Like Rounders, The Card Counter Will Inspire a Generation of Card Players

Samuel Edwards

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Critics are raving about the new Paul Schrader movie, The Card Counter. The film, which had its world premiere at the Venice Film Festival on 2nd September, is now available on general release at cinemas across Canada. Director and screenwriter Schrader is no stranger to critical acclaim, of course, having penned the scripts for Taxi Driver and Raging Bull, but The Card Counter has already been hailed as one of the films of the year, and there are some hints that it might be destined for Oscar success next year. 

As you can guess by the title, the movie is based on gambling. It follows the fortunes of William Tell (Oscar Isaac) as he navigates his way through poker and blackjack tables at casinos across the United States. It doesn’t celebrate casinos and card games in the same way that movies like Rounders or 21 have done in the past. But one of the results could be the same – an inspired generation of players who believe they, too, can beat the house. 

The Card Counter delivers gambling realism

In the Card Counter, Tell (an apt name for a poker player) eschews the glitzy and grand casinos dotted across the United States, instead choosing to frequent mid-sized and backwater establishments, winning just enough to make a profit and never so much that he is noticed. That gives a nice sense of realism. Although, those looking for a plot hole might wonder why he doesn’t play at a poker site or online casino rather than traipse across the country. Then again, that wouldn’t make for much of a road movie. 

But while there isn’t the same turn-of-the-card casino drama that we see in Bond movies, there’s still enough theory of the game to inspire budding players. Rounders (1998) is cited as being one of the leading causes of the online poker boom that would grip North America in the early 2000s. And, as mentioned, even though there is a marked difference in tone between it and The Card Counter, there are seismic changes occurring in the gambling industry across the US and Canada today.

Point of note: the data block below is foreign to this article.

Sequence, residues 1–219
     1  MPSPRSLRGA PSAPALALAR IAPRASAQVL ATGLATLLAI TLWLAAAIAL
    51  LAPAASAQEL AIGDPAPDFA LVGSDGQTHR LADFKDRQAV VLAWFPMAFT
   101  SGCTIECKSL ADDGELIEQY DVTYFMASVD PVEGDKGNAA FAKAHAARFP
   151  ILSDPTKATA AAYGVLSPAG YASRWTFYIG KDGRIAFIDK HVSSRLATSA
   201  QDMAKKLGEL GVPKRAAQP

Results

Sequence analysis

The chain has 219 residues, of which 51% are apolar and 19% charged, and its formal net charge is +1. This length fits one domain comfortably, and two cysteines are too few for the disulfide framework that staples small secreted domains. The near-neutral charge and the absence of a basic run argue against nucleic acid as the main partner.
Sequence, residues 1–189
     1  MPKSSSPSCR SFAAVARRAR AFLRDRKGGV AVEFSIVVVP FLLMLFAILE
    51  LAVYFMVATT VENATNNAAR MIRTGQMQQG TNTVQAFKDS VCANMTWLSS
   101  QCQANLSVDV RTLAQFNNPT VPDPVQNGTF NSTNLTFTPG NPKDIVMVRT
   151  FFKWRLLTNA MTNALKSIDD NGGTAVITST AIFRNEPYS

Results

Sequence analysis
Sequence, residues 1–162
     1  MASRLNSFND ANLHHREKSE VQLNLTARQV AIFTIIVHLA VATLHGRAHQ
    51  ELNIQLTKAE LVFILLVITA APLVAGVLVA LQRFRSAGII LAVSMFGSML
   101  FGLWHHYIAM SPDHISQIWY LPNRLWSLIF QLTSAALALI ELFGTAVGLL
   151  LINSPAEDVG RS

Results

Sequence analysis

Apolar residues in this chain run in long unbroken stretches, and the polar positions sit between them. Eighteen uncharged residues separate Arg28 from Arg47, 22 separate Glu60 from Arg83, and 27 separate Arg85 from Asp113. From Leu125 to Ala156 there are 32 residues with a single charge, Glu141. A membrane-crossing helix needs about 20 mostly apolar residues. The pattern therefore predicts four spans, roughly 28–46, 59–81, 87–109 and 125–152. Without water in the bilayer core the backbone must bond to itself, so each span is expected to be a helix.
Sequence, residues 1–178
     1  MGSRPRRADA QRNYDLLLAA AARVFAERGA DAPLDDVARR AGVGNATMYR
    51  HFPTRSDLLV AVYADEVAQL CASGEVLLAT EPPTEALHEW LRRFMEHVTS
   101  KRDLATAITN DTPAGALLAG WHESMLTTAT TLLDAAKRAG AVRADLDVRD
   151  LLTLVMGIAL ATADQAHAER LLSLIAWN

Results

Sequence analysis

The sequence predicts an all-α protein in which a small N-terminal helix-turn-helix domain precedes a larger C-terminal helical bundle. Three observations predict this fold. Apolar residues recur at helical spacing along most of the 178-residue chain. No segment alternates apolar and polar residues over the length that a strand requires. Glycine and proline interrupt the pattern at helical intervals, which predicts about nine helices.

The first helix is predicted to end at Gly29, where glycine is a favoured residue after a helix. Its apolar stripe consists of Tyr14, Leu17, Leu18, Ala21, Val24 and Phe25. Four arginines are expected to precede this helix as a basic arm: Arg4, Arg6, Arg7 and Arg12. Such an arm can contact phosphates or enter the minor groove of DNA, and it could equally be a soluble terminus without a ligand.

The Card Counter by no means glorifies gambling, but it does demythologize the process of gambling. The 1998 classic Rain Man, while raising the profile of blackjack, also erroneously portrayed card counting as something difficult; it isn’t. The autistic savant, Charlie Babbitt (Dustin Hoffman), managed to win huge amounts of money in Rain Man, but that is also unrealistic – regardless of how good one’s memory skills are. While card counting is easier than is portrayed on screen, it is also much less effective. 

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The Card Counter could land Oscars

Blackjack is a game of the finest margins. There isn’t really a built-in house edge like roulette, but card counters believe they can swing the pendulum to gain a little advantage. It’s not about winning every game – it’s about winning six out of ten games. It’s about grinding out financial reward. That’s what The Card Counter gets right about gambling on screen, and that realism will surely inspire players looking to try their hand at blackjack or poker at casinos – offline and online – across North America. 

If you have little interest in gambling, then you should not be dissuaded from checking out The Card Counter. Isaac looks set to leap into the stratosphere as a Hollywood star (he also had the premiere of Dune at Venice) with his career-defining performance. There are also excellent performances from Tiffany Haddish and Willem Defoe. But it is Schrader’s deft handling as director that will leave you feeling like a winner. Schrader is a regular Martin Scorsese collaborator (Scorsese is credited as an Executive Producer here), and he might have just made the best gambling movie since Casino. 

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